Powering the future: Green choice program regulations
The long-awaited Green Choice Program Regulations (N.S. Reg. 155/2023) were released by the provincial government on September 8, 2023, offering some clarity into the practical implementation of Nova Scotia’s Green Choice Program (the “GCP”). The purpose of the GCP is to allow large energy users in the province to “subscribe” to renewable energy from independent power producers via Nova Scotia Power Inc. (“NSPI“). The new Regulations were expected to set out participant eligibility, the application process, the billing structure, costs and credits, and program standards and timelines for the procurement and commencement of renewable energy supplies under the GCP.
While the published regulations don’t offer an abundance of detail on each of the expected topics, they do formalize much of the information that was previously made available by the independent procurement administrator, Coho. A timeline for the project is available on the Nova Scotia Green Choice website, which also offers updates and answers to frequently asked questions for both participants (i.e. large-scale energy consumers) and proponents (i.e. renewable energy suppliers) among other resources.
The Regulations define the categories of eligible participants in the GCP: commercial customers or public institutions with a minimum load of 10,000 MWh/year, an aggregated partnership of public institutions that cumulatively meet the 10,000 MWh/year threshold, along with each partner having no less than 1,000 MWh/year.
Eligible participants must further be in good standing with NSPI, only subscribe to electricity that is wholly generated and delivered within the province, and be a customer whose account is located wholly within NSPI’s service territory.
There will be a 20-day intake window for applications from potential GCP participants, currently estimated to open in December 2023.
Participants can apply to enroll up to 120% of their previous year’s consumption. The minimum subscription term is five years, renewable every five years, for a total term not exceeding 25 years.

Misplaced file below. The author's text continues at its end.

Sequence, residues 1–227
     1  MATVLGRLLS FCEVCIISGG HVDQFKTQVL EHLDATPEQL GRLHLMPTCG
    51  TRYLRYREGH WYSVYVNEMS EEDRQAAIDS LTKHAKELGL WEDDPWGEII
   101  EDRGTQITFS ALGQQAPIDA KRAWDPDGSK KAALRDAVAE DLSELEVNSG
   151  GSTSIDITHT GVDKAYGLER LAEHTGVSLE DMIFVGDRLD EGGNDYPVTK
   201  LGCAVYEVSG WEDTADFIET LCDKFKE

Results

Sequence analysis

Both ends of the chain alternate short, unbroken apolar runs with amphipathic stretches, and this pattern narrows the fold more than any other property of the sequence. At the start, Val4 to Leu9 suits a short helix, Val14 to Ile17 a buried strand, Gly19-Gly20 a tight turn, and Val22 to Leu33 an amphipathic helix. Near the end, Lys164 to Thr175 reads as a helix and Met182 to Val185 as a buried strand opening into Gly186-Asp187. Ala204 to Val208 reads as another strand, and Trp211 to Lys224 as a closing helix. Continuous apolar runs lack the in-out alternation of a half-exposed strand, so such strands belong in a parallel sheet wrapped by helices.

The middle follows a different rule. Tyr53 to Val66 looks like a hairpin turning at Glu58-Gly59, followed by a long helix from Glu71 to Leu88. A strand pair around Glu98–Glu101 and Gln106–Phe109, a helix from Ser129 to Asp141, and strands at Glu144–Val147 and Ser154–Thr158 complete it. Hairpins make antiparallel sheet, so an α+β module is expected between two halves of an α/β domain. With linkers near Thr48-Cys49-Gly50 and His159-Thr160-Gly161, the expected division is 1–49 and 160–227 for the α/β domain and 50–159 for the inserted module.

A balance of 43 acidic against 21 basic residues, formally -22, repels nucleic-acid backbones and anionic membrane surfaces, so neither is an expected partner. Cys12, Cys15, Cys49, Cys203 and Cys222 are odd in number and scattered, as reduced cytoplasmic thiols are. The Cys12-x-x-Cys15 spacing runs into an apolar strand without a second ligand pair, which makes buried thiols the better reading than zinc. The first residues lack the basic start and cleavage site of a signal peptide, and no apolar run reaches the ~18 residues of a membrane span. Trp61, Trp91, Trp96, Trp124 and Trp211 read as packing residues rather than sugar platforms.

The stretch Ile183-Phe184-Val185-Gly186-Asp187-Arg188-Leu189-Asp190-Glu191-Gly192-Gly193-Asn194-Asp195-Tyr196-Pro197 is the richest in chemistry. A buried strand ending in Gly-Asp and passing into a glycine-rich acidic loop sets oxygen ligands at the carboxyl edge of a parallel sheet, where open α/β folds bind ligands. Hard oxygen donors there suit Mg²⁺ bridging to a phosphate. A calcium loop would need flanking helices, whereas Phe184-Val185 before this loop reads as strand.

Interestingly, the Minister’s criteria in evaluating applications include whether the applicant has made public climate change or emission reduction commitments, and/or the long-term economic viability of the participant or the accuracy of its energy consumption modelling, among other factors.
Applicants will be notified in writing of their acceptance, deferral or rejection from the program within 45 days of the intake window closing. Formalized subscription agreements, including the terms and conditions of participation in the GCP, are estimated to be executed by June 2024 once the price of the energy is confirmed, no later than 90 days prior to commercial operations beginning. Subscriptions to the GCP are assignable.
Fees, benefits, and credits
Section 12 of the Regulations states that the only costs that Participants will incur are the fixed administrative costs from NSPI, which are not to exceed $1.00 per MWh of eligible subscribed electricity, up to a total of $100,000 per participant per year.
Unfortunately, the billing structure for energy costs and credits under the GCP outside of administrative costs has still not been clarified by the Regulations. The most recently available draft of the participant guide (July 2023) states that the costs and credits for the GCP will sit as a rider on the regular utility bill, simply reflected as two additional line items. The cost of the energy itself will be determined by NSPI and be included in the terms of the subscription agreements to be provided closer to the commencement of the renewable energy supply. The credits are to be calculated based on the direct avoidance of the carbon tax, but again this is not explicitly outlined in the Regulations.
The Regulations provide a definition of “Renewable Energy Certificate” (“REC”). The GCP fulfils provincial mandates of 40% renewable energy by 2020 and the upcoming target of 80% by 2030. Under the Regulations, while participants will own the title to all RECs, they will be registered by NSPI and retired immediately.